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How to handle outbound links in desktop PWA?

Ben Halpern on May 21, 2019

In case you didn't know, DEV is installable as a PWA in Chrome and other browsers which support it. The new Microsoft Edge even has it as a + promp...
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James

I don't know about "correct", but as a user I would personally prefer external links to open in the browser rather than within the PWA.

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Yaser Al-Najjar

+1 for this

If I'm opening a specific app (like Slack), I want that app... no more.

If I want the browser, I will open it and browse other websites.

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Pedro Otero Prada

Yup, in fact the first thing I try to change in native mobile apps, if possible, is the behavior that opens links in "in-app" browsers.

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Islam Sayed

I agree with that. I even when it opens in app I choose open in chrome option.

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Lars Richter

I agree. I like it better, when external links open in a browser.

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JedDevs • Edited

Agreed, but some sort of pop up to make sure you want to leave the app would be ๐Ÿ‘

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Ganapati V S ๐Ÿ˜Ž • Edited

Technically you could do it the other way only in case of PWA.

Set target blank as default for anchor tag.

<head>
<base target="_blank">
</head>

Add target=self to all internal/dev.to links.

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Ben Halpern Author

Great point about ad blockers.

Yep, definitely adding rel="noopener noreferrer" alongside "target=_blank" though I'm not sure those same vulnerabilities would apply to PWAs. Seems like that should be somewhat of a firewall between the two. I'd be curious about whether that vulnerability persists.

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Ben Sinclair

It's not just adblockers, there's a lot of functionality missing, like having to log in again to something your browser normally handles or syncing your history with another device.

Critically for me, I'd miss being able to bookmark something once I find it. Everything linked to from within the fake browser is lost forever unless you take a screenshot or remember what steps you took to get there.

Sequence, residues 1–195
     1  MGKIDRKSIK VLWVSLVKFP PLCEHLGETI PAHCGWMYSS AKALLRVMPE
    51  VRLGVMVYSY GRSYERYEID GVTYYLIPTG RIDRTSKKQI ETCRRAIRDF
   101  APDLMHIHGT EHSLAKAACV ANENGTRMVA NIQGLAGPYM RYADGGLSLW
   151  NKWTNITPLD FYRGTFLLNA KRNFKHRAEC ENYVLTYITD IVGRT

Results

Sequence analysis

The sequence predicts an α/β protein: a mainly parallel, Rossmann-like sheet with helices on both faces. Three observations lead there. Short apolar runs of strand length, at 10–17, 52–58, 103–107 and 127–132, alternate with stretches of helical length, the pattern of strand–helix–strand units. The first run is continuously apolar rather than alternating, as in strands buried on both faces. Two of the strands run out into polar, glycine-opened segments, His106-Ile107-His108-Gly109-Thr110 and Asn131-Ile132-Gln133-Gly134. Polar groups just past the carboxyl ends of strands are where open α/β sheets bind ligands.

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Antonio Radovcic • Edited

Does this maybe help?
developer.mozilla.org/en-US/docs/W...

Defines the navigation scope of this website's context. This restricts what web pages can be viewed while the manifest is applied. If the user navigates outside the scope, it returns to a normal web page inside a browser tab/window.

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Ben Halpern Author

I believe that is more for defining the scope of the PWA guidelines within the application. Basically instructing the browser not to run service workers etc. outside of the defined scope.

And if it means otherwise, I'm not sure how to get it to work. ๐Ÿ˜„

Since asking this question, I'm starting to think that the expected behavior really should be open in the browser. That way you can keep your DEV context, especially in the case of /connect etc.

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Antonio Radovcic

But isn't this exactly what you asked?

"If the user navigates outside the scope, it returns to a normal web page inside a browser tab/window."

So you define the scope in the manifest.json and shouldn't even need to add target="_blank" to links.

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Tyler V. (he/him) • Edited

Based on the information on developers.google.com/web/fundamen... it appears that you do need to add target="_blank"

"Caution: If the user clicks a link in your app that navigates outside of the scope, the link will open and render within the existing the PWA window. If you want the link to open in a browser tab, you must add target="_blank" to the <a> tag. On Android, links with target='_blank' will open in a Chrome Custom Tab."

I do see where the confusion came from on the MDN docs. Initially I read it the same way you did.

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Ben Halpern Author

Hmmm perhaps, but implementations may vary. It seems like it still opens another browser page within the app or something. I think it's possible that this detail is not part of the spec. In fact, I think iOS had a the "back to browser" behavior by default and then switch to "in-app browser".